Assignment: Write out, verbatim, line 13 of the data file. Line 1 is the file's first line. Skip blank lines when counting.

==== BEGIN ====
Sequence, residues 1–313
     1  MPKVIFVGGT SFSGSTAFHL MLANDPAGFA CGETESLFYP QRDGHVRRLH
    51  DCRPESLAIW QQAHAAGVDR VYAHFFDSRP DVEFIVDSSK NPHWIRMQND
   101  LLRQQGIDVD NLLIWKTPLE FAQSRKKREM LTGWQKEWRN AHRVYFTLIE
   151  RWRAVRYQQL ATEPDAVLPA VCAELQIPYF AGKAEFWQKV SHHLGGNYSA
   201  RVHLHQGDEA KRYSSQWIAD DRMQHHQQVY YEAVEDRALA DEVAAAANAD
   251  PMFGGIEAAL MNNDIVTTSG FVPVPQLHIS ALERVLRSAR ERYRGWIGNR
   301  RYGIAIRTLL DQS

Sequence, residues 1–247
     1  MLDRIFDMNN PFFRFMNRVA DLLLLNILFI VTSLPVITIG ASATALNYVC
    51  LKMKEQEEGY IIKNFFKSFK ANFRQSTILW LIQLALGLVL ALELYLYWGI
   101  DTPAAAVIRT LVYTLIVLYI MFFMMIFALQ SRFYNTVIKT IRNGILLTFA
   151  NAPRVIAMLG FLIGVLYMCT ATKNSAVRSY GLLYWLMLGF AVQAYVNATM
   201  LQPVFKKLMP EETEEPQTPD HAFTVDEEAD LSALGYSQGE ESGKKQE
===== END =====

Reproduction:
   151  NAPRVIAMLG FLIGVLYMCT ATKNSAVRSY GLLYWLMLGF AVQAYVNATM